Not long after, the University Registrar Mr. O. U. Umeh—a prominent Anglican revolted against the Vice Chancellor. Through him the conflict crept into the Christ Church Chapel where both the Vice Chancellor and the University Registrar were members, and subsequently created division in the Church. It came to the point where the Anglicans who were in the majority plotted to remove the Methodist Chaplain in-charge of the Chapel Very Rev. P. O. U. Ikejiofor because he was seen to be sympathetic to the Vice Chancellor his fellow Methodist; and when it failed, they decided to stop the renewal of his contract for a second term. The Academic Union was also bought over and became evidently hostile to the Vice Chancellor against the tradition of the union. The University community became factionalized.
The Chairman of the Christ Church Chapel Council was Prof Gaius Igboeli a Super-Professor of Animal Science in the Campus who was the pioneer Vice Chancellor of Federal University of Agriculture, Makurdi, and later the pioneer Vice Chancellor of Paul University, Awka. The Secretary was an African-Canadian Woman Mrs. Ohaneri who was Secretary to Works Department. Other supper-Professors in the Council included Prof Anya O. Anya—a Presbyterian and the present President of Igbo Community in Lagos State, Prof Eluwa a Methodist and Prof Maduewesi an Anglican.
The Chaplain had called for a thirty-day fasting and prayers for the crisis which involved two prominent members of the Chapel, but the Chairman of the Council unilaterally cancelled it. The Chaplain was also accused of pursuing a part-time master’s degree programme at the Department of Linguistics and Nigerian Languages without the approval of the Council. For these two reasons the Anglican caucus of the Chapel who supported the Registrar against the Vice Chancellor resolved that the Chaplain’s contract which was due for renewal in a month’s time would not be approved. Since I was not part of the caucus meeting, the Chapel Council Chairman Prof Igboeli invited me to his office to brief me the position of the Anglicans with respect to the renewal of Very Reverend P. O. Ikejiofor’s contract.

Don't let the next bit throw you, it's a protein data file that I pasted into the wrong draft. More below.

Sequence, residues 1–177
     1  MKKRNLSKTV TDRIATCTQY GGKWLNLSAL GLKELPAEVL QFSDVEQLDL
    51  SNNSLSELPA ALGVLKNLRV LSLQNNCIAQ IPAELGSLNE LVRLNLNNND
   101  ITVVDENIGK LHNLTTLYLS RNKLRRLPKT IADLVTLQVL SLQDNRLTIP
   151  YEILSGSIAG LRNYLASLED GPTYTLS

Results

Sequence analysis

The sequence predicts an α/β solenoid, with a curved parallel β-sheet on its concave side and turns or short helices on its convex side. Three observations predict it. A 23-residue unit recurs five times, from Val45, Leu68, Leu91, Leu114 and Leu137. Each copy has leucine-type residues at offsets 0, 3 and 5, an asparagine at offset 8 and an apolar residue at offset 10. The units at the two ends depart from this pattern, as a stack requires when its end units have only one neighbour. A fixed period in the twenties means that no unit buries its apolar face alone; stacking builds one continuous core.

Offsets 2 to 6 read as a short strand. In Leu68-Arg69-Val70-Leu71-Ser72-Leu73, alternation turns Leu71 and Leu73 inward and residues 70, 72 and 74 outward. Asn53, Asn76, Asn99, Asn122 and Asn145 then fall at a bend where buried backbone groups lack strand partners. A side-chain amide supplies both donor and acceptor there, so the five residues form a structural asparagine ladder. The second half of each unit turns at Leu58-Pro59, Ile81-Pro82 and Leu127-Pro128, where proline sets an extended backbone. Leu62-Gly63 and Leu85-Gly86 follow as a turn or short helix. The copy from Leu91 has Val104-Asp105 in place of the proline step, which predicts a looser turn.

When I entered his office, he simply told me that the Chapel Council had decided not to renew Very Reverend Ikejiofor’s contract for insubordination and that I should join the others to vote him out. My question was what kind of insubordination sir. He said the thirty-day fasting and prayers and the postgraduate degree programme without permission. Then I said sir I did not think these two offences were enough to warrant the man’s removal because first as the Chaplain he was in-charge of spiritual matters while we are in-charge of the administration of the Chapel; and second as a University we should encourage him to improve on his knowledge to teach us better. He was just looking at me speechless. I then excused him and left the office. Two days later, possibly from the information on my encounter with Prof Igboeli, the Chaplain came to my office to solicit for support, and I told him he should not worry since I had taken my position before his coming.